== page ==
Editorial: Collapse of deal to remove Klamath dams is a bad omen for water progress
The Klamath River winds from southern Oregon through the Cascades and into some of California’s most rugged country. For much of its journey to the Pacific it runs wild, but four hydro-electric dams on its upper reaches block the migration of salmon and in many years provide too little water, and at the wrong temperature, for spawning. A set of hard-fought agreements brokered in 2009 among farmers, power producers, indigenous tribes, environmentalists, federal agencies and others to divvy up Klamath water and remove the dams promised healthier salmon runs and a better livelihood to people who depend on the fish. But Congress doomed the accords by failing to sign on before adjourning this month.
It is a shame that the spirit of compromise that brought together so many interests that were so long at odds was scuttled by the exasperating no-deal congressional culture.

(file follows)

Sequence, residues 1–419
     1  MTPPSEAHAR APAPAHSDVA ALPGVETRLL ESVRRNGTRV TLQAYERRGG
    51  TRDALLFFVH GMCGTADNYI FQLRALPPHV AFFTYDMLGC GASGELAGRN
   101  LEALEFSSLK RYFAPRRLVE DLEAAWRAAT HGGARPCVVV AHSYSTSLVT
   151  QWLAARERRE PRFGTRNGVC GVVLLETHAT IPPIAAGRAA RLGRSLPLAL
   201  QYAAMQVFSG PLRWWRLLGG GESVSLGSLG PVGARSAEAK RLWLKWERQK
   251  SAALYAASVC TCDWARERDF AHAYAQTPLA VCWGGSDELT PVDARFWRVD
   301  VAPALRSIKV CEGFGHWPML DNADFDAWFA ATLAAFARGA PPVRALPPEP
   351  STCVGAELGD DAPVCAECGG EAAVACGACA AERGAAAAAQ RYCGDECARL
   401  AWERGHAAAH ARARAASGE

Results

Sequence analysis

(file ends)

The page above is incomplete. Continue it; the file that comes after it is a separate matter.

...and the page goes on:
Water from some Klamath tributaries is diverted for irrigation projects farther south. Otherwise, though, the river is only tangentially related to the tangle of projects and accords that supply water to agriculture and urban areas in most of California, so the agreements held little in the way of direct benefit for water users in the rest of the state.
As a model for those who fight over water from California’s larger basins, though, the agreements were supremely important. Each interest in the Klamath went years holding out for scorched-earth victory but ultimately compromised and won something for their mutual benefit, including restoration of the largest and most important river between the Columbia and San Francisco Bay. If those parties could collaborate on a plan to restore the upper Klamath, surely the interests that have fought for decades over the Sacramento-San Joaquin River Delta and the water that flows through it could also come to terms.
So Congress’ failure to act on the Klamath agreements is likewise a supreme disappointment. Key portions are due to expire Jan. 1, and now the parties are internally torn. Should they try to salvage the deal by recommitting to the same accords they reached nearly seven years ago and keep lobbying Congress to accept them? Or should they each return to their corners and fight to extract better terms from one another?
A cure for the common opinion
Get thought-provoking perspectives with our weekly newsletter.
You may occasionally receive promotional content from the Los Angeles Times.